Companies & Sectors
Quality of solution is the clincher for Infosys in its sales strategy, not necessarily pricing, says Nomura

Infosys is likely to lag behind its peers in the cost-efficiency segments and higher exposure to discretionary segments will continue to drag growth, says Nomura Equity Research

 
Infosys has a value design initiative, and its focus is on winning competitive deals with an emphasis on improving the quality of solution presented to clients. Solution is the clincher according to the company, not necessarily pricing. This is part of the quick note of Nomura Equity Research following a call with the company’s head of sales, Basab Pradhan. Further in going to market, the IT company has a focus on selling differentiated offerings like products and platforms and steering the conversation with clients away from plain outsourcing, observes Nomura in its quick note.
 
According to Nomura, the tasks involved in value design are qualification of which deals to chase; assembling the right team from across the organization for deal pursuit; accountability of the team (attribution of credit for contributing to non-sales people participating in this initiative); and knowledge management—i.e. drawing from past proposals, so as not to rediscover the wheel.
 
Infosys also has a star account program, where the focus is on managing star accounts or what management identifies as the 47 accounts which are $100 million plus or have the potential to reach $100 million. The 47 star accounts of Infosys contribute 60% of its revenue, narrates Nomura.
 
According to the research note, the Infosys’ sales team has 11 people looking at global markets (covering alliances, marketing and large deal outsourcing), and 16 regional heads overseeing the field force—who report to the sales head and the unit heads. In all, there are 800-900 people in sales, and pre-sales activities with responsibilities across  new account opening; account management or client servicing which has the largest allocation of resources (large accounts have five to six people manning an account); and practice sales (experts in certain domain area/pre sales)
 
Infosys says the recent sluggish growth is not necessarily due to hunting issues but more related to mining, as account-led growth has not contributed as much in the high growth areas. Infosys has been adding close to 40-50 accounts on a quarterly basis over the last four quarters, but many of those have been the non-Global 2000 clients. The company has found that clients falling below the Global 2000 have a mortality rate of about 90% by the fourth year. Hence, Infosys has refocused its hunting efforts towards the Global 2000 segment and sales bonus structures are being aligned to getting these clients.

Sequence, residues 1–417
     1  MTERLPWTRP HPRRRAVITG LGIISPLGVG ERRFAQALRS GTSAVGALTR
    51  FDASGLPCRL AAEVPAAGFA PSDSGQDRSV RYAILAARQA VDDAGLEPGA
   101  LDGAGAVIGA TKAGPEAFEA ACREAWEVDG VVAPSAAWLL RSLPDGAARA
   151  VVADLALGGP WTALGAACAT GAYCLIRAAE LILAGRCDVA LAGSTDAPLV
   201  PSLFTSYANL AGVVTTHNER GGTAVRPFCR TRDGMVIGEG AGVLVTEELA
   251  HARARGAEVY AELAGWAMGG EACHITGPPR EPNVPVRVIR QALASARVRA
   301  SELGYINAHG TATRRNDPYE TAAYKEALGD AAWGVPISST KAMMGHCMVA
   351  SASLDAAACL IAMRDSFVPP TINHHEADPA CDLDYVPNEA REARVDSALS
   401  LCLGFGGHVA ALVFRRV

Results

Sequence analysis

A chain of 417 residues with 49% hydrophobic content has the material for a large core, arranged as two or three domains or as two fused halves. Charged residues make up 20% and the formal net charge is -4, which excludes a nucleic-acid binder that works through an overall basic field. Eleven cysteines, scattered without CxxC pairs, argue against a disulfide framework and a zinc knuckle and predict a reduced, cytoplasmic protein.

The company believes there is greater flexibility currently in terms of structuring deals or taking over people. Deal pricing is largely decentralized with the unit heads taking a decision on deal go no go. The company does not believe its higher margin thresholds compared to competition is leading them to forego deals.
 
The focus on growing outsourcing, irrespective of the growth in higher value-added segments (consulting, system integration segment), continues and the company is not foregoing growth in outsourcing despite the aspiration to increase contribution of higher value-added segments in the longer term. The company continues to participate in deal churn and has been successful in the same and gave instances of two deals recently won – one in a major UK bank where they were a smaller player and have expanded footprint and another in a hi-tech company where they were the incumbent vendor and are expanding their footprint.
 
The company does not see blanket pricing reductions as seen during the global financial crisis, but believes some clients are taking advantage of the environment through rebids, wherein competitive pressures are pushing pricing down. The management says Infosys is not leaving deals on the table purely because of pricing.
 
The company’s view remains that Europe continues to be shaky and US has dependence on European demand and does not have enough momentum on its own to counter the European sluggishness. Transformational deals continue to be elusive and outsourcing deals is where the opportunity remains. From a verticals perspective, only hi-tech within manufacturing and retail is seeing good demand, while clients within the rest of manufacturing have more global businesses and are seeing slowdown/ uncertainty. The company continues to see softness in BFSI.